Pushing the envelope
German reedman Gebhard Ullmann is unknown to even most hardcore American jazz fans. Three simultaneous releases under his name should go far in changing that although given the edgy, experimental nature of his work, his reknown is likley to remain among that small number of fans who appreciate truly avant-garde exploration.
The Clarinet Trio is the most out-there of the three: Shades of Henry Threadgill and David Murray and old Art Ensemble of Chicago. Art of noise grunting and honking, atonal rhythmic blowing, seemingly aimless digressions, baby talk through a reed. And then they turn gears mid-song, and now you're in a passage as lush as "Swan Lake" before it decomposes into some weird klezmerific ensemble improvisational noodling.
Teaming up with fellow clarinetists Jürgen Kupke and Michael Thieke (with Ullmann on bass clarinet and Thieke on alto clarinet), the Trio produces haunting, atmospheric music as challenging as anything from the discography of the musicians offered as comparisons above.
And yet, it is nevertheless fascinating, intriguing and able to hold your interest for the pure pleasure of hearing where they might go with this musical oddness.
For his Big Band Project, Ullmann teams up with the respected NDR Big Band, based out of Hamburg. Closer in spirit to the combos of Stan Kenton or Toshiko Akiyoshi than Glenn Miller, NDR Big Band provides a foil for Ullmann that is nearly as daring as he.As with the Trio, all the songs on the Big Band Project were written by Ullmann. There are some guest arrangers here, including Satoko Fuji another avant-garde jazzster, and one with a bit more name recognition in the States than Ullmann.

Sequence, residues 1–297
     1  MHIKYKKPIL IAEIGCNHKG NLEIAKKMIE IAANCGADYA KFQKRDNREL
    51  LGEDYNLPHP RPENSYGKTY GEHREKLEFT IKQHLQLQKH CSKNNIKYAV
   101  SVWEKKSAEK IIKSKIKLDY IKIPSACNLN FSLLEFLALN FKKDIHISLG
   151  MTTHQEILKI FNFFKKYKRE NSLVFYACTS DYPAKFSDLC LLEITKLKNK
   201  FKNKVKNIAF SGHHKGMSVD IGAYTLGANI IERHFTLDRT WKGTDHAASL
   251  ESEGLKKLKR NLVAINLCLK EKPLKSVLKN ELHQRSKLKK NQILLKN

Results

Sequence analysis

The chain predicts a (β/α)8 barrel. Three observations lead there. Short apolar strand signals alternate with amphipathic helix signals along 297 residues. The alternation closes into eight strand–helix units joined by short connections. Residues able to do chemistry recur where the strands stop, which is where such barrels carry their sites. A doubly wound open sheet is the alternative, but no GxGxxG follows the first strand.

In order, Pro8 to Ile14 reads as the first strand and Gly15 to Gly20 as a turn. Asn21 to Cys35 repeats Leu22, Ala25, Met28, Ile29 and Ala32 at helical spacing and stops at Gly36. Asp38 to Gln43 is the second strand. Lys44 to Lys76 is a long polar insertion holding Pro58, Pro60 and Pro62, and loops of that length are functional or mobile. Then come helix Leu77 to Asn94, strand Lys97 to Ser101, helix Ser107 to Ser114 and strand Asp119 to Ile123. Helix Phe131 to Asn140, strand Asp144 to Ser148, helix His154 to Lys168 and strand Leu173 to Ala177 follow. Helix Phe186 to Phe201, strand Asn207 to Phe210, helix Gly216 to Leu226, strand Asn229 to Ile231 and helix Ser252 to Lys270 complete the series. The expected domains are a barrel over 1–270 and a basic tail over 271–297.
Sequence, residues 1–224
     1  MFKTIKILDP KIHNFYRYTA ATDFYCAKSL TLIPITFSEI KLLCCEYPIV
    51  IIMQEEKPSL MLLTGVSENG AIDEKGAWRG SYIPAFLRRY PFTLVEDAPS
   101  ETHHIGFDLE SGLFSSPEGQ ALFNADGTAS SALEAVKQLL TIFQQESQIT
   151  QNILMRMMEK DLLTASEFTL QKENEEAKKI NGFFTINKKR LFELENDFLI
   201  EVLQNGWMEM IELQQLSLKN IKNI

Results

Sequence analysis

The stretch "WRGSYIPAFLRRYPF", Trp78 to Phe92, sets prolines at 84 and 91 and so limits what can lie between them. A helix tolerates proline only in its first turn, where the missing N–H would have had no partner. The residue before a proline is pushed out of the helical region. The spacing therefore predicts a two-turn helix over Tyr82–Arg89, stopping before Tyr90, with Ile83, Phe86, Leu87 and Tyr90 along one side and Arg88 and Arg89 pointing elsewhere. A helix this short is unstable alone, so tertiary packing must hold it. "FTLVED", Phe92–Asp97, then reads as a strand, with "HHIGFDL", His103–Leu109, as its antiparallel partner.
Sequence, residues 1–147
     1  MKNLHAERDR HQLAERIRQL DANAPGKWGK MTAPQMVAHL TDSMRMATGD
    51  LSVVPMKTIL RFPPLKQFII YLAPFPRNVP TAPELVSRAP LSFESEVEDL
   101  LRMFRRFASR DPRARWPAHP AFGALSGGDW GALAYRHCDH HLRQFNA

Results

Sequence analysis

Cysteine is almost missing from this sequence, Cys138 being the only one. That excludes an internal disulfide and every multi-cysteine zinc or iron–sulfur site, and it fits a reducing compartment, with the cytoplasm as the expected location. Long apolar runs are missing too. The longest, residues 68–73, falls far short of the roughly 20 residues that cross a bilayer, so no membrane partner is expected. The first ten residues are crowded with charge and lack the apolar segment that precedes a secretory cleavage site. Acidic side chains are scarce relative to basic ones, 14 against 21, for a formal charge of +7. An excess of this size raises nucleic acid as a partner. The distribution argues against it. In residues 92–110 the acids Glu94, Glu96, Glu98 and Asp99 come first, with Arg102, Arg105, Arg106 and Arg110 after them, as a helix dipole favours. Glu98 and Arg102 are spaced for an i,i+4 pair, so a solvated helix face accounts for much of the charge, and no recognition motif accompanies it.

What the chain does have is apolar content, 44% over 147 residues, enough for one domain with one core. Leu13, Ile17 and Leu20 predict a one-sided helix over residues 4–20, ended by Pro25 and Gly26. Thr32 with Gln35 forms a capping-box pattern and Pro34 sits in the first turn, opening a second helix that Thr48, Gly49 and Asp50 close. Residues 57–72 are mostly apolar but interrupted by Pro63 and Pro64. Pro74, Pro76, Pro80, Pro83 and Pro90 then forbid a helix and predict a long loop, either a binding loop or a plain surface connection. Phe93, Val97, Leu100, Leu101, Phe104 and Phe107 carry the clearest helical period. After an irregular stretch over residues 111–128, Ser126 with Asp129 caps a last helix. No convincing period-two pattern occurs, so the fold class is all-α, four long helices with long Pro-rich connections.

With a big band, there is obviously a fuller sound here than with the Trio; it is a different voice, but the addition of the big band in no way mellows Ullmann's edge. It is every bit as challenging as the Trio release. The music here can switch from a march to wall of noise in a heartbeat; the change makes Haydn's Surprise Symphony seem a Carpenters' tune by comparison.
By far the most out-there of the three new releases is "Bass X 3," with Ullmann's bass clarinet and bass flute backed by two double-bass violins (Chris Dahlgren and Peter Herbert). It's a sonic locomotive rumbling through your stereo and living room, rattling the windows, the china and probably your fillings, too.
Intriguingly, the compositions themselves are somewhat restrained, at least compared to the other two albums from Ullmann. Straight-forward, often bordering on melodic, the eight tunes here are much more streamlined than those on the other albums.
Instead, on "Bass X 3" it's the textures that are so challenging. That deep, thick undercurrent of bass on this album shades every note it contains. It's like a painting done in varying shades of black.
But what shades! Who knew that the lower register held so much weirdness. Normally the domain of the majestic, here the lower octaves are harbingers of puns and silliness.
Like the Trio and Big Band outings, "Bass X 3" makes for lousy background music but for very, very good brain food.
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